Regulator at odds with credit industry

The National Credit Regulator (NCR) has announced its intention to withdraw its “approval” of various codes of conduct – codes that govern how debt counsellors and payment distribution agencies operate, as well as the credit provider industry’s code of conduct to combat over-indebtedness.

News of the NCR’s intentions has dealt a blow to the credibility of the organisations concerned. They are the office of the Credit Ombud, the National Debt Mediation Association (NDMA), the Debt Counsellors Association of South Africa (DCASA) and the Payment Distribution Association of South Africa (PDASA).

The announcement follows a review by the regulator of these organisations’ codes of conduct.

In addition to stating its intention to withdraw approval of the codes, the regulator has also announced it intends withdrawing its recognition of the Credit Ombud, the NDMA, DCASA and the PDASA – but only in respect of any role they play in terms of the respective codes of conduct.

The Credit Ombud is a non-statutory, voluntary office, and the NDMA is a body set up by the credit provider industry to provide debt mediation in terms of the Credit Industry Code of Conduct to Combat Over-indebtedness.

This code makes provision for eligible over-indebted consumers to benefit from interest and fee reductions, as well as extensions to the terms of credit agreements. The Debt Counsellors’ Code of Conduct for Debt Review binds debt counsellors to following the statutory debt review process.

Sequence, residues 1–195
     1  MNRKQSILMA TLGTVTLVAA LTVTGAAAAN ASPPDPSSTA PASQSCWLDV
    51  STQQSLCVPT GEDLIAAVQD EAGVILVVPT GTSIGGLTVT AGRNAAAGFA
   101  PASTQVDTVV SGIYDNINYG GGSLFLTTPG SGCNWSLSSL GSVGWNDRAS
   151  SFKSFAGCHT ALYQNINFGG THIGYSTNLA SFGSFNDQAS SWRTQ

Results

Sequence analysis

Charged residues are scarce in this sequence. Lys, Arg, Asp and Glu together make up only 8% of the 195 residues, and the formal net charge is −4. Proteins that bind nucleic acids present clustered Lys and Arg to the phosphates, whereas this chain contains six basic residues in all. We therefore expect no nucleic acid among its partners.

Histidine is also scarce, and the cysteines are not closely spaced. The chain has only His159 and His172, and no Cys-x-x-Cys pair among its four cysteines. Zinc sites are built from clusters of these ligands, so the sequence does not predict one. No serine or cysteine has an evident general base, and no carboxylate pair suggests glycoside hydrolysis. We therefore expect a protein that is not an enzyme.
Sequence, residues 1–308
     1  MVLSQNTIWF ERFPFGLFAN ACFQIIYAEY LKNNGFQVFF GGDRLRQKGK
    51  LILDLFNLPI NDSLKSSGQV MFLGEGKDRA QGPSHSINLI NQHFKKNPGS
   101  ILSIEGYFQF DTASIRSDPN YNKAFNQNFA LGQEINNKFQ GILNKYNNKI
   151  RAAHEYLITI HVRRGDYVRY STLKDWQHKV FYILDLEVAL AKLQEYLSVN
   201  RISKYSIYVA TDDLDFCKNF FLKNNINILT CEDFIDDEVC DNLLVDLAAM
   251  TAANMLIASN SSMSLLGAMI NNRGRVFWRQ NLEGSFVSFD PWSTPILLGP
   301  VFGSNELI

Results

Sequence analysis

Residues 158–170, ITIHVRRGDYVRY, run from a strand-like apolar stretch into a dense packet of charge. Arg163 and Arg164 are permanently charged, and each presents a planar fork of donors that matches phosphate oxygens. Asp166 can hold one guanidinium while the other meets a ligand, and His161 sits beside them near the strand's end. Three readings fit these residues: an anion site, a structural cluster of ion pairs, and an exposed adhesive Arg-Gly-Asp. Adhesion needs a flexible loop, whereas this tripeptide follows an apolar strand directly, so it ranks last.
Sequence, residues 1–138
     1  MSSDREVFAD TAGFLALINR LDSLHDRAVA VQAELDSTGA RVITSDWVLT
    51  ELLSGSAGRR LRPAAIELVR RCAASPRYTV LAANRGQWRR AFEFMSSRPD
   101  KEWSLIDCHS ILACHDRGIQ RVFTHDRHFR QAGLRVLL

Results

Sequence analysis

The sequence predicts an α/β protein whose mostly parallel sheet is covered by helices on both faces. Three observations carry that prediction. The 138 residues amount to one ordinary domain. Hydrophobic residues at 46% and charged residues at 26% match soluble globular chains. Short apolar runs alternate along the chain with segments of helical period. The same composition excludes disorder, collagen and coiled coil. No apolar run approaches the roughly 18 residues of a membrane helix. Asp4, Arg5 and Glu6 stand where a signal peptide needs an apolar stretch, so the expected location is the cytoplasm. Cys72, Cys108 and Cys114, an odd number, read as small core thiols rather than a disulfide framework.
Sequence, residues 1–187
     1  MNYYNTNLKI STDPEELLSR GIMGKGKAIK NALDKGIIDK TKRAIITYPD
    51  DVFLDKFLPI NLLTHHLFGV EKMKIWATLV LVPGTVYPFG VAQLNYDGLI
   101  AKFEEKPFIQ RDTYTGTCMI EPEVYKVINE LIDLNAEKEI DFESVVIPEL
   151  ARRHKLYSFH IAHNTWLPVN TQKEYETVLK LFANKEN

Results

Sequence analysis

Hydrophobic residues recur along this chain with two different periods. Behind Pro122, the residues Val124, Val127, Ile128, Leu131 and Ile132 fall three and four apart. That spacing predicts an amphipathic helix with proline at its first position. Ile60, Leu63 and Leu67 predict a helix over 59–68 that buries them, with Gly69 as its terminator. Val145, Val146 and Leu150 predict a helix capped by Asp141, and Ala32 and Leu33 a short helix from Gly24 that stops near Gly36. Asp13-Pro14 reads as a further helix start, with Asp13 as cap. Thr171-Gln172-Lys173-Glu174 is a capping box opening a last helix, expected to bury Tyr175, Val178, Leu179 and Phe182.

The regulator says the credit industry’s code “has failed to achieve the purpose for which it was intended – to combat over-indebtedness”.

The NCR says its research shows:

* A sustained increase in the level of impairment of both consumers’ credit standing and account payments;

* That 47 percent of credit-active consumers (9.22 million people) are credit-impaired, meaning they have at least one account three or more months in arrears; and

* That approximately 6 400 consumers apply each month for debt counselling.

The regulator also noted “the rapid growth in unsecured lending, in a highly credit-impaired environment, and evidence of significant reckless lending by credit providers, contrary to their commitments as enshrined in the credit industry code and the National Credit Act (NCA)”.

DCASA is a body of about 235 debt counsellors who represent about 90 percent of consumers in debt counselling.

The regulator says the debt counsellors’ code is unconstitutional in that it requires debt counsellors to affiliate to DCASA, and it lacks accountability to the NCR.

It also “confers excessive jurisdiction on the Credit Ombud, contrary to provisions of the Act”.

Representatives of the organisations concerned declined to comment but were understood to have been in emergency meetings with the NCR yesterday.

In a media release entitled “NCR bites industry”, debt counsellor Deborah Solomon said yesterday that “the mismatch between sky-high debt and these codes speaks to credit providers’ lack of enforcement of their code and the NCA”.

Debt counsellors who are not members of DCASA welcomed the NCR’s announcement. Solomon says the regulator had “applied the law with vigour, so as not to create sham protection”.

Solomon recently led a successful appeal to the NCR to force credit providers to comply with the NCA by suspending their planned Voluntary Debt Mediation Solution, which she described as “debt rehabilitation minus some NCA consumer safeguards”.

In her complaint to the NCR, Solomon questioned the credit industry code of conduct and how it came into existence, as well as the relationships between parties in the debt review arena.

“The average consumer entering debt review has 10 credit agreements,” Solomon says. Five unsecured credit agreements constitutes reckless lending.

Servicing debt is impossible for many families, because unsecured loans attract interest charges of up to 32 percent, way above the interest on a home loan. This is the reason banks have “ramped up highly profitable unsecured lending”.


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